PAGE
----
Vigilante—a casual-dining concept that opened in Austin, Texas, in February—is proving that eatertainment doesn’t have to be extravagant. With a relatively low cost of entry, compared to arcades and mini golf courses, the board game bar has spent elsewhere to make sure that every element, from the finger foods to the custom-made tables, were designed to enhance the gaming experience. “We’ve really paid attention to the game as a service product,” on par with the food and drinks, says CEO and co-founder Preston Swincher, comparing Vigilante to eatertainment concepts such as Topgolf and Dave & Buster’s. “We’ve built a place where people can take that hobby out of their living room.” —Lauren Hallow
Vigilante is divided into two sections. The gaming area features 12 tables that the founders designed for board gaming. Each has a tray with cup holders for food and drinks (saving the tabletop for game usage). The casual-dining area, which Swincher calls the “social hall,” has smaller tables for more intimate games, such as cards, along with two large U-shaped booths for group games like Pictionary. Swincher says customers are greeted by a host who asks what type of gaming experience they’re looking for and then seats them appropriately. Vigilante also has two “secret” gaming rooms hidden behind fake bookcases that customers can rent for private sessions.
Food for fun
Funded by a Kickstarter campaign, Swincher reached out to donors for their opinion on the menu. “They wanted a full restaurant experience,” he says. The result: a menu made up of finger foods—including sliders, skewers and hand rolls—so guests can eat and play at the same time. Swincher isn’t concerned that customers will just hole up at a table with a game for hours and not order food. He says 60% to 70% purchase food, and even more—at least 80%—buy alcohol.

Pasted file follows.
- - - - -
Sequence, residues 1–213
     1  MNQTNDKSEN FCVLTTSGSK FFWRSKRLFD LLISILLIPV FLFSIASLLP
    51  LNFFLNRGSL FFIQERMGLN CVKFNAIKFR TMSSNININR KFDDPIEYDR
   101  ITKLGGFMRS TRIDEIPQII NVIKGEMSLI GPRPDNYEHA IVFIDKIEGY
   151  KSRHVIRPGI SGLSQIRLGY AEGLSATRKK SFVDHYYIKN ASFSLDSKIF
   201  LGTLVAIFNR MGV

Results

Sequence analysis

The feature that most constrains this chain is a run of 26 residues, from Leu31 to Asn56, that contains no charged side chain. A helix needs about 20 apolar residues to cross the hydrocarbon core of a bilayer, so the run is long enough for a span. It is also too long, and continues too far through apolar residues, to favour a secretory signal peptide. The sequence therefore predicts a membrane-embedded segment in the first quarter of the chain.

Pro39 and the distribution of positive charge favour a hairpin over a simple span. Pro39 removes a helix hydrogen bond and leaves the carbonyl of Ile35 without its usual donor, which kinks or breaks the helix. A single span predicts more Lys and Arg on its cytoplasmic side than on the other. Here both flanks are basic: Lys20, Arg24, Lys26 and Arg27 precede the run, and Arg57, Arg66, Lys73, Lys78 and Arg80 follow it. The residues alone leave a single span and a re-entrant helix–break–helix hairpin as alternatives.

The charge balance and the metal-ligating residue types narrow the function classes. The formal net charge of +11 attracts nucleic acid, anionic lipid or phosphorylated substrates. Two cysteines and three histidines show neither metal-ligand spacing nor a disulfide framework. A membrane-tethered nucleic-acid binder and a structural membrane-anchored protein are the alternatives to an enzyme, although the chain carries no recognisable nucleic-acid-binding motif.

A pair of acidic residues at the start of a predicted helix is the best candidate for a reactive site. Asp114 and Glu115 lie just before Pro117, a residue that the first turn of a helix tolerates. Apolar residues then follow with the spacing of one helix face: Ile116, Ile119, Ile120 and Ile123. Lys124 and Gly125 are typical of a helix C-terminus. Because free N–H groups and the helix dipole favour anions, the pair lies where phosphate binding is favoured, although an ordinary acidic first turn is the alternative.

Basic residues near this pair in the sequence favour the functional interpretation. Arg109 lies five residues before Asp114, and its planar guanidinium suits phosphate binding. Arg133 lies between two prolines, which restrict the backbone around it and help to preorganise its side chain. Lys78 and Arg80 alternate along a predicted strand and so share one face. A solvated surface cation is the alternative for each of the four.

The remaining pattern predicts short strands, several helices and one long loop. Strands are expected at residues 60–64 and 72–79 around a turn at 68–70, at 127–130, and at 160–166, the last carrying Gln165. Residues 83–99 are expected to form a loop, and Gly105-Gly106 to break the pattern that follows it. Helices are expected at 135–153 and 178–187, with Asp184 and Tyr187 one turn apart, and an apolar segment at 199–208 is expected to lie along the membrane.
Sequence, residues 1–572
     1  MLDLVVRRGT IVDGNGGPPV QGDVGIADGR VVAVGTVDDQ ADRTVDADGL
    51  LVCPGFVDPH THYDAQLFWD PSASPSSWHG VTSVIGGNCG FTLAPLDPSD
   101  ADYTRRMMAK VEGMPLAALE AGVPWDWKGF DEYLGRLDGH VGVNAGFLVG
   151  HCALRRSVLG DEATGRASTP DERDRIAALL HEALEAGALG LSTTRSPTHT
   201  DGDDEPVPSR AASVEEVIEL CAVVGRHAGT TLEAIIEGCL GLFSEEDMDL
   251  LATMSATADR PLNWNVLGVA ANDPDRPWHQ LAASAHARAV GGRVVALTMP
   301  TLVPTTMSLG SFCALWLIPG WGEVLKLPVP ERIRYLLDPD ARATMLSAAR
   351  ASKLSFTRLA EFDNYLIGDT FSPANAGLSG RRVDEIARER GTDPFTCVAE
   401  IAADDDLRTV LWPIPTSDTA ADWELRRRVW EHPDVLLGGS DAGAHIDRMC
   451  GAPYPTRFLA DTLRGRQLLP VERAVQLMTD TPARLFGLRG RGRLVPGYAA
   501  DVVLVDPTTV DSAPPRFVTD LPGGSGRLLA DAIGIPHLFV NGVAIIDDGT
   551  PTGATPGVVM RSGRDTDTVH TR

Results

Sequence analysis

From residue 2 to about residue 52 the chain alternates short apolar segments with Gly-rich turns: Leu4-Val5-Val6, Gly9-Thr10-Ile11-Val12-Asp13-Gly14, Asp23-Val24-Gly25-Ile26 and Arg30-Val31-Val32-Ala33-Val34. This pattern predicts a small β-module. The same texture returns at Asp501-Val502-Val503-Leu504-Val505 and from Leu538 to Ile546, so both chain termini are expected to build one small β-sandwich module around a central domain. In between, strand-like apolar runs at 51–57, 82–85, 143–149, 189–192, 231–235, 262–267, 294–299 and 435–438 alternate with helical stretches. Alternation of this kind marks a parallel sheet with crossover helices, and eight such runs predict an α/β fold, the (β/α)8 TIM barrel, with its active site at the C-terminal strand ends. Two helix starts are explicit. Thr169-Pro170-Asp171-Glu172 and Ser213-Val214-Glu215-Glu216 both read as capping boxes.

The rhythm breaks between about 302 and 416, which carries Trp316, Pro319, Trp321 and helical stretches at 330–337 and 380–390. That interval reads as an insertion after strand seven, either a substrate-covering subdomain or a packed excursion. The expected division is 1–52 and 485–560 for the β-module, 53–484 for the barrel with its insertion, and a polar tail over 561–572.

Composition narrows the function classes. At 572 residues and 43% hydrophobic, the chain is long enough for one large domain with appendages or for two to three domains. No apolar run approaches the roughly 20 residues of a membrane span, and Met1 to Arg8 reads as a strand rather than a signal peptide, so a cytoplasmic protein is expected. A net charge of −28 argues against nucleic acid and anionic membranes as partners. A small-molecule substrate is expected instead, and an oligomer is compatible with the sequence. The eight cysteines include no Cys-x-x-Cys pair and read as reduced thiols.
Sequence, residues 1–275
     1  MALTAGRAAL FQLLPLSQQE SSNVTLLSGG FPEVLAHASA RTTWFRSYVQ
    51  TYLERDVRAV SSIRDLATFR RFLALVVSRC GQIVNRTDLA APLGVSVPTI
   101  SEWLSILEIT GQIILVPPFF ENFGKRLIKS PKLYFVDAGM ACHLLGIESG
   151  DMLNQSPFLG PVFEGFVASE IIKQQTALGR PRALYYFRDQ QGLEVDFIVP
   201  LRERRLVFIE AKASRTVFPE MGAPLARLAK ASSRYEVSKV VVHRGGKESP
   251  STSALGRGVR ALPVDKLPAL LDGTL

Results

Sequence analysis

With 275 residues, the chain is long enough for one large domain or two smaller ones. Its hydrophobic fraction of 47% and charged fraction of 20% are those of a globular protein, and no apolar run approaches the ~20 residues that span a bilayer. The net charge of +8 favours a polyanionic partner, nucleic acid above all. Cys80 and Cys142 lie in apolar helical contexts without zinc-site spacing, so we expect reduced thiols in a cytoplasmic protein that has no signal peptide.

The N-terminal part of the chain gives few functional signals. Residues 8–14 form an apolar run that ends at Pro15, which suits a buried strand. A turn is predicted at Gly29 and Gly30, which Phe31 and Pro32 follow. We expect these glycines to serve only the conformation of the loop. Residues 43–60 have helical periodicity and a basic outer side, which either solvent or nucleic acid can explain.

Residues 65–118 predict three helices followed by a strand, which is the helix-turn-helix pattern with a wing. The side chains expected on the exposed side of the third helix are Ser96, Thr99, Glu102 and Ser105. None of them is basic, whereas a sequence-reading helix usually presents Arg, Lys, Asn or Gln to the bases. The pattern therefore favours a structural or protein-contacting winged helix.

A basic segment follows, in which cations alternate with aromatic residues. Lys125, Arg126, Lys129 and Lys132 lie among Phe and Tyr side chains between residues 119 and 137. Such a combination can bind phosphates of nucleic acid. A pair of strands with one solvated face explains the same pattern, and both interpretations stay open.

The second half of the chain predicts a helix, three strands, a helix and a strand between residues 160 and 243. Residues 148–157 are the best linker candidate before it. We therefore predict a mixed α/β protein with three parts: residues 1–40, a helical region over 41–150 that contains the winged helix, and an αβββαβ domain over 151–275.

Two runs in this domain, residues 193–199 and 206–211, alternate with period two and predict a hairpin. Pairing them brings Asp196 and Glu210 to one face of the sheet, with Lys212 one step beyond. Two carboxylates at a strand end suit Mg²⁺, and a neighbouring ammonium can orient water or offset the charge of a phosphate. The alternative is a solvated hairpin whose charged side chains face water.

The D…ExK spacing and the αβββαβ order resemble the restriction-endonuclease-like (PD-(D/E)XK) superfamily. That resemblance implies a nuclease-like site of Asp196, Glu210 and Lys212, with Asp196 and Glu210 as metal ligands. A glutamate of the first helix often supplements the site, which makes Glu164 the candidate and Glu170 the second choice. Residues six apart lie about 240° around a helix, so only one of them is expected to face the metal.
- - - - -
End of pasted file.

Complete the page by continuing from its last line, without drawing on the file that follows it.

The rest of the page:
Dealing staff in
The gaming component has had a “dramatic” impact on operations and staff training, Swincher says, compared to training for a traditional restaurant. He hosted a three-hour seminar for his staff on how to teach customers games, and when new games are added, staff test them out during the preopening staff meal. In the gaming area, each of the tables features a service button that, when pushed, activates a robot-looking figure above each table, which will light up and wave its arms to grab servers’ attention. “If I’m a server, I don’t want to bother you when you’re focusing on a game,” Swincher says.
Upselling an experience
Vigilante’s game library contains anywhere from 160 to 180 games. Customers can peruse the game menu on Vigilante’s website, where the selection can be filtered by number of players, category, atmosphere (such as social or competitive) and length of playtime. While games can’t be reserved in advance, staffers are trained to recommend games, so they can help guests find a similar match if the one they had in mind is unavailable. Vigilante charges a $5 fee per person to access the gaming library, which Swincher says goes toward game maintenance—staff duties include checking games for missing pieces or damage and making repairs when needed. There’s been some pushback to the fee on Yelp, but Swincher says the majority of customers have been satisfied with paying for activities.